An Open Letter to Professionals Regarding Mediation Being a Matter of Timing
MEDIATION IS A MATTER OF TIMING. DEATH, DIVORCE AND MEDIATION: Why Some Couples Choose Mediation While Others Do Not.
Choosing to mediate a divorce case is seemingly a no brainer. Why? Well, if you can keep from spending years in a public court, avoid the stress of being in litigation, save thousands and thousands of dollars, avoid having a judge tell you how often you will see your children, how much money you will pay and which of your assets you’ll keep or sell and if you can prevent severe emotional and psychological damage to your children, spouse and relatives – why wouldn’t you mediate?
Assuming the couple knows that they can choose mediation to end their marriage in an amicable, private, quick, less expensive and less painful manner – choosing the path of a litigated divorce probably means that one or the other (or both spouses) are stuck in one of the stages of loss and grieving, which is governing rational thought.
Over the years, I have heard many reasons why either or both spouses want to divorce: infidelity, boredom, financial irresponsibility, lack of companionship, midlife crisis, the spouse has changed, alcohol or drug abuse, they no longer have anything in common, sexual incompatibility, intolerable alliances with nuclear family, emotional abuse, lack of respect, etc. No matter what the reason for the divorce, the effect is the same: there is a death of the marriage and there are big changes ahead for the family.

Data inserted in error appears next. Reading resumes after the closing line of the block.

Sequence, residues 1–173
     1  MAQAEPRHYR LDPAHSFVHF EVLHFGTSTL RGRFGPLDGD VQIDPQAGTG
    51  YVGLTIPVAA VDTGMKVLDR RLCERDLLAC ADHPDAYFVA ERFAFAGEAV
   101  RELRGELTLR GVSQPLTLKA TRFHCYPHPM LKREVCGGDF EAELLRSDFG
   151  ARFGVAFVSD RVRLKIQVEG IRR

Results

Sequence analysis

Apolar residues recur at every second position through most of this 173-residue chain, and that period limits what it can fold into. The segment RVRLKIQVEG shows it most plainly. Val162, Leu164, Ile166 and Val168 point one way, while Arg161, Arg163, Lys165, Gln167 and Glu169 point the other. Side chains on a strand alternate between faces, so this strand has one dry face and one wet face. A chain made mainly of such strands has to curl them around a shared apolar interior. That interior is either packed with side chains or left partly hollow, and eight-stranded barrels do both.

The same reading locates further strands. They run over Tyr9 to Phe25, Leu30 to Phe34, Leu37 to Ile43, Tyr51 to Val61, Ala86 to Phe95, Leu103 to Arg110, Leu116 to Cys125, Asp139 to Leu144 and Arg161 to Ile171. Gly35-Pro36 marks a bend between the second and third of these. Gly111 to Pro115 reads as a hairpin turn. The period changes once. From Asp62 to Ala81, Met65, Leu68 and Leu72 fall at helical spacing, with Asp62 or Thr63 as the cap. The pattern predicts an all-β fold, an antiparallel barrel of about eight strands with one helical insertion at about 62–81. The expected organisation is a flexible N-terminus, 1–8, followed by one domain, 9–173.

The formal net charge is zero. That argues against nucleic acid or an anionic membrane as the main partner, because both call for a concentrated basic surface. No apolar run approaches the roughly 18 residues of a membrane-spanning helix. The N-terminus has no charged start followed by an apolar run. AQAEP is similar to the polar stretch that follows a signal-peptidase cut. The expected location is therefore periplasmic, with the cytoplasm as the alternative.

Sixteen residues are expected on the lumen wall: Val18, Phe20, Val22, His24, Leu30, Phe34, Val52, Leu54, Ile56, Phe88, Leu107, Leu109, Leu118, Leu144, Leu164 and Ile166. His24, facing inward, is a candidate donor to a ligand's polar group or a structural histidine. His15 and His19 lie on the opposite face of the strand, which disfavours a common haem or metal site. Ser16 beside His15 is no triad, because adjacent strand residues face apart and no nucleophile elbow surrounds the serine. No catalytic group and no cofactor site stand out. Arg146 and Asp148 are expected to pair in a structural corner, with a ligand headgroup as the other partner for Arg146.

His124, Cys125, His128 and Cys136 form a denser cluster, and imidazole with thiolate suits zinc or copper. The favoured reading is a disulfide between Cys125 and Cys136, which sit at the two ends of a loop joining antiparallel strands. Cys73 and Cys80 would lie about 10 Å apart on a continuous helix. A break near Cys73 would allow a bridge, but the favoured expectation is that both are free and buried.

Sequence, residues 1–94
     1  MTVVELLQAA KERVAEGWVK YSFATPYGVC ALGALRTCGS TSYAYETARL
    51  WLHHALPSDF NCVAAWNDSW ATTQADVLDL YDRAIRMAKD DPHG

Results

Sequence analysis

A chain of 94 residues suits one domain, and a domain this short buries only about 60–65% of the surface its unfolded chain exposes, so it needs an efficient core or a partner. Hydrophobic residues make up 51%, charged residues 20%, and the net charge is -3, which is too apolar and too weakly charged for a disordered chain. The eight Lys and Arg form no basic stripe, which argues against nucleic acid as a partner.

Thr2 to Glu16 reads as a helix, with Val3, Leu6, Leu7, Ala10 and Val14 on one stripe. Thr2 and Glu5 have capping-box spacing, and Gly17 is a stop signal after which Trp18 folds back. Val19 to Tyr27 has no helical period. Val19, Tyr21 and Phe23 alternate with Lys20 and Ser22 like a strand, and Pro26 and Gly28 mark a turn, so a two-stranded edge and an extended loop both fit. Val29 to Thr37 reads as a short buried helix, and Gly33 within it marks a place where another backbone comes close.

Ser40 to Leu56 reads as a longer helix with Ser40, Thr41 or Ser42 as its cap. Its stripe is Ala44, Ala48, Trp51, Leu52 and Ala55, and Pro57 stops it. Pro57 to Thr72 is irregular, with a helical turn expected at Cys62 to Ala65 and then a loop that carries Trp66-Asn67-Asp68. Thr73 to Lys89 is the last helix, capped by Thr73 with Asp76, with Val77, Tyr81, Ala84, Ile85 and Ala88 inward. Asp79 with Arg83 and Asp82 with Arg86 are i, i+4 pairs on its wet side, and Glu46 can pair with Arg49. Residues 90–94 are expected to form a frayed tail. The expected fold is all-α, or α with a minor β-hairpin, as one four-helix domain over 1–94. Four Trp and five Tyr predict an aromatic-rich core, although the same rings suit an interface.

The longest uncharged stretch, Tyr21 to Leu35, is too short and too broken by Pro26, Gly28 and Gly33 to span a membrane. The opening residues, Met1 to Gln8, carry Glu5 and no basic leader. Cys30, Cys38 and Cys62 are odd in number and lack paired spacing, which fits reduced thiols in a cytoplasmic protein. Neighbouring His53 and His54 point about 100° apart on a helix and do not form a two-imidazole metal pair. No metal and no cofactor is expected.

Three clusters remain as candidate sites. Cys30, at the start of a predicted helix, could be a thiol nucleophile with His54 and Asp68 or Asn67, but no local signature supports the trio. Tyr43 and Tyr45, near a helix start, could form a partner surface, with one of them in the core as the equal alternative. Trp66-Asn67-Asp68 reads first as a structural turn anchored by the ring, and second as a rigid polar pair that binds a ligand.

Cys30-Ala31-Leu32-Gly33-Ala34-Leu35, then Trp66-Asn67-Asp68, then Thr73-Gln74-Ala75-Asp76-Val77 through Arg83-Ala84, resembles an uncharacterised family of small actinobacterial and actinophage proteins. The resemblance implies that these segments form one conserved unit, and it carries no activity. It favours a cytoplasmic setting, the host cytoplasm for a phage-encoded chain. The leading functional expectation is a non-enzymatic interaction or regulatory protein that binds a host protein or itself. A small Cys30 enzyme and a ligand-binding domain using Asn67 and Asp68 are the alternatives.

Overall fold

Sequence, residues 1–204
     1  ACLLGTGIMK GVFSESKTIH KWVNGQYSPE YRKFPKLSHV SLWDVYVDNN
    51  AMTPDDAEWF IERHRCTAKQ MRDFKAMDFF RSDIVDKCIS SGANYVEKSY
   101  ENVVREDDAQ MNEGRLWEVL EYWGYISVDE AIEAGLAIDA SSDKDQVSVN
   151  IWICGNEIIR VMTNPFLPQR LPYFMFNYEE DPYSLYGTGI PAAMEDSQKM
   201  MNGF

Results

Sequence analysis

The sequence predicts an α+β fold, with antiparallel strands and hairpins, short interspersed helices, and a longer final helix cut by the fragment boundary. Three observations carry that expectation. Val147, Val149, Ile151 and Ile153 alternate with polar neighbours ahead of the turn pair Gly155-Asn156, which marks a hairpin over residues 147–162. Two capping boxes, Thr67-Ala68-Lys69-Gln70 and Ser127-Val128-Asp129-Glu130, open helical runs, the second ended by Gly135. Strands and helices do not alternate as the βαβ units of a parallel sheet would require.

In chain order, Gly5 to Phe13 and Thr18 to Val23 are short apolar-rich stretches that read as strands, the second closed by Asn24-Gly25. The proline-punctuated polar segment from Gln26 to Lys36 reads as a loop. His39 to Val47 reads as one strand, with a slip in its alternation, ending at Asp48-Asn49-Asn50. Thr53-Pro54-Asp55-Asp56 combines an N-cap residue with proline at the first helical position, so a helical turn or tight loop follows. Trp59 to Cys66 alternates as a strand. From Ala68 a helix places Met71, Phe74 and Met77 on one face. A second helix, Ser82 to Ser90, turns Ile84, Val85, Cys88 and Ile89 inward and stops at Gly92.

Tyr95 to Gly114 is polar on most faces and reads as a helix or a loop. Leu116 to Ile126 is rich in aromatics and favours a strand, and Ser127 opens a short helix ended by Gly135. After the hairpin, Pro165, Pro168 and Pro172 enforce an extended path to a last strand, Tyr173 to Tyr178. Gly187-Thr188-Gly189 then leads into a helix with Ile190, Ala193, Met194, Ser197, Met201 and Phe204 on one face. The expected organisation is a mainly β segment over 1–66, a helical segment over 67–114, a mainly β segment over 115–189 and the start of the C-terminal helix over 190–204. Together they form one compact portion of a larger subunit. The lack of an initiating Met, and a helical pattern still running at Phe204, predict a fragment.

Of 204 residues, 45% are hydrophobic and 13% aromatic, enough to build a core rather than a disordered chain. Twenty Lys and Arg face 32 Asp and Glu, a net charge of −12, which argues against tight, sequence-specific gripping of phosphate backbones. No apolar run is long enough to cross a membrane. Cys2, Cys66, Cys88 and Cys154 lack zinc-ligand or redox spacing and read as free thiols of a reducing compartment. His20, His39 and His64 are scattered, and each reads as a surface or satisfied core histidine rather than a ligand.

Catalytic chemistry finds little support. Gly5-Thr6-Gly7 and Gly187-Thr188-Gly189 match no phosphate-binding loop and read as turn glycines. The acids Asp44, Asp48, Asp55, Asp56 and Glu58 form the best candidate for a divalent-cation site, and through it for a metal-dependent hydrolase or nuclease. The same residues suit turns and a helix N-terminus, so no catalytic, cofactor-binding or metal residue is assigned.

Divorcing with children? Read more about co-parenting schedules.
The severity of the emotional roller coaster accompanying the pronouncement of the end of the marriage depends upon the length of time the other spouse has been aware that the marriage was in trouble. If the news of the death of the marital relationship comes as a shock to the other spouse, a grieving process will surely follow. The divorce is the death of a marriage. It is a death that must be dealt with before the marital partners can move forward.
Among the many stages of grief which often occur when there is a death, a particularly relevant stage in a divorce is fear. Fear can be one of the following: fear of the unknown, fear of being alone, fear of being destitute, fear of losing children, friends or status. Fear can be paralyzing, keeping the spouse from taking any action.
In her 1969 book, “On Death and Dying,” Swiss-born Psychiatrist Elizabeth Kubler-Ross outlined five stages of grief – but also instructed that each person’s grief is individual, not everyone goes to the stages in any particular order. She describes her categories of the grieving process as “… tools to help us frame and identify what we may be feeling.“